DI Voices | My mom, Princess Diana

By Nathaniel Langley, Opinions Editor

In my living room sits Princess Diana.

Situated in several homes over the years, “Diana: the Portrait,” perches itself triumphantly on its throne over countless coffee tables. Its white and pink cover strikes a vibrant counter to the turquoise coffee table our household presently possesses. Its pages relay the ethereal beauty which still shimmers despite her passing.

Growing up, my mom routinely disclosed her fateful encounter with Lady Di. On a trip with her sisters in Paris, my mom departed the city of lights mere hours before Diana herself would reach her catastrophic end. Although their distance remained great in that ordeal, their relationship and interconnectedness were instilled in me at a young age with my mom’s constant portrayal of their obscure bond.

It is not, however, the only significant overlap that fuels my perception of my mom as Princess Diana. Through continuous charitable acts and profound sacrifices, I witness my mom in Princess Diana and glimpse Diana through my mom.

I was born three years past Diana’s death, yet her life and vigor filled my childhood. Furthermore, various programs and specials on TV would relay the saintly ascendancy and tragedy the Princess exhibited; a command in vigor for which my mom gradually attained also was indicated.

As all in society do, I pity the Princess’s fate. Subsequently, her familial downfall and spousal abuse were/are not unique.

A cheating and unstable husband thrust my mom into single-motherdom without warning. Beginning in 2005, the woman was subjected to a life with no instructions or counsel — and to which a path for clarity could never be cleared. Akin to Diana’s momentous separation from Prince Charles, early in life I equated my parent’s divorce with the royal uncoupling.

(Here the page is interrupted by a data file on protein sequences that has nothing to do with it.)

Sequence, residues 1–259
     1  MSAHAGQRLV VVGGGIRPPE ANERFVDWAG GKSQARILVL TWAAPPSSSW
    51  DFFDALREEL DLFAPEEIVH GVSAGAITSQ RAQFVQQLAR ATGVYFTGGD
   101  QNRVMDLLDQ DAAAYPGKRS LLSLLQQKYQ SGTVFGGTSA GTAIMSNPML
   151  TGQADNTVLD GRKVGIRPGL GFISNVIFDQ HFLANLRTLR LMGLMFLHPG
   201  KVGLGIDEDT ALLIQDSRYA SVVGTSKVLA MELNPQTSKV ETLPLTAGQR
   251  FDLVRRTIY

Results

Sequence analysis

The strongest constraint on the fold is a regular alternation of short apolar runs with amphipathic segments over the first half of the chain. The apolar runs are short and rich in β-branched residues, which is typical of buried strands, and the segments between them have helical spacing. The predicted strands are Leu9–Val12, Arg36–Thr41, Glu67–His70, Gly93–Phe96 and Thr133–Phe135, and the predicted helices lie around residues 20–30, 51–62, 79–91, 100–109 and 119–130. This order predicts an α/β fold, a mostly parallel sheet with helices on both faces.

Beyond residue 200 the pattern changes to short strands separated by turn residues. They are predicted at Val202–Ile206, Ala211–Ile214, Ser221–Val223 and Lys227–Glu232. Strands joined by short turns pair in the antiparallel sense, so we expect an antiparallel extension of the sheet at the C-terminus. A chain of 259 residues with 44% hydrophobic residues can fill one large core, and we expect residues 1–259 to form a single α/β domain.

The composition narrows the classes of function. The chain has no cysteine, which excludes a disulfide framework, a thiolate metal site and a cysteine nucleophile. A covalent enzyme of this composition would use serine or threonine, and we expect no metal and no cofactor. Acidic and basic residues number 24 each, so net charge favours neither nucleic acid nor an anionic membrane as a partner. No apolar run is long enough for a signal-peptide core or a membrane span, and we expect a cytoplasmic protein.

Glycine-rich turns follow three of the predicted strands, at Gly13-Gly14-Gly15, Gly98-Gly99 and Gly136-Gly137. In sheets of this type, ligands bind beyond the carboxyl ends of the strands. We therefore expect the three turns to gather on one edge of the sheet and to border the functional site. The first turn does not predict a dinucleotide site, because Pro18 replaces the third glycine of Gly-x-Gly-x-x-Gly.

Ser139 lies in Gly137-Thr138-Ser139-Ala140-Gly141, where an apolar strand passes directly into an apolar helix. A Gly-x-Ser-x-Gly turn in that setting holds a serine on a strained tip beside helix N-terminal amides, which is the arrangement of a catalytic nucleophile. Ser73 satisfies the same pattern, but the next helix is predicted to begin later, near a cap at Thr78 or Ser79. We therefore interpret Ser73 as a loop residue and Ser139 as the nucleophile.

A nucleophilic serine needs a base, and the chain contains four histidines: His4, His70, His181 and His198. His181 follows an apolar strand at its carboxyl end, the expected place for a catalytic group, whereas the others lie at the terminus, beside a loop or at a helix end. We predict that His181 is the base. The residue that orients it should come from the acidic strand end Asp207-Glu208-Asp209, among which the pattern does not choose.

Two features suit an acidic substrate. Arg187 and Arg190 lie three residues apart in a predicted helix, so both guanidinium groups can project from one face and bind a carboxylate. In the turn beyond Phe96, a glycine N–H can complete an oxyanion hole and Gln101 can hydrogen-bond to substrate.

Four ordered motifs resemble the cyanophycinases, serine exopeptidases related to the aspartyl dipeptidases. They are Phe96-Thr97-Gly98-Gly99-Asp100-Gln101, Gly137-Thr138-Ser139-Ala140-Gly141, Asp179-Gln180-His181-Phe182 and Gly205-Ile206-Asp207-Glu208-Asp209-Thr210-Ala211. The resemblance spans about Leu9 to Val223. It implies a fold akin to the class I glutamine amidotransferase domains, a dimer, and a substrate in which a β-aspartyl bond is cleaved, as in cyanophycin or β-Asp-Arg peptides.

No matter how many TV shows or films depict Lady Di, none will encapsulate the isolated feeling which arrives for any woman divorcing an intolerable man — I, likewise, could never encapsulate the experience my mom sustained.

Still, the resolve and passion for a better life my mom and Diana wielded post-divorce are nothing short of miraculous.

Picking up the pieces, my mom sacrificed a life concentrated on a white-collar career in aspiration for a schedule and being revolved around my younger sister and me. Correspondingly, Diana and she shared a fascination for providing the best possible childhood given the conditions.

Although Princess Diana had royal resources and public solidarity at her bidding, my mom forged ahead with a self-established cleaning company and, years later, a school bus driver position.

There is little glamour in those strenuous situations, yet not even the most elegant fashion can compare to the impassioned charity my mom employed. She sought a life fixated on bettering my sister and me no matter the deprivations — not on materiality or continuing a dreadful marriage and for the sake of “wedded safety.”

Similar to the Diana who forever lingers in the living room, my mom’s reign was never flawless, yet it shaped who I am and aspire to be.

No individual is more powerful than a mother. Whether they are the People’s Princess or are a single mother toiling for her children’s future, the qualities of marvelous motherhood are seen in any who are dynamic and powerfully adaptive.

I endure forever grateful for the coffee table book which governs our quarters as well as for the matriarch who shares the shine of an exceptional figure.

 

Nathaniel is a junior in LAS.

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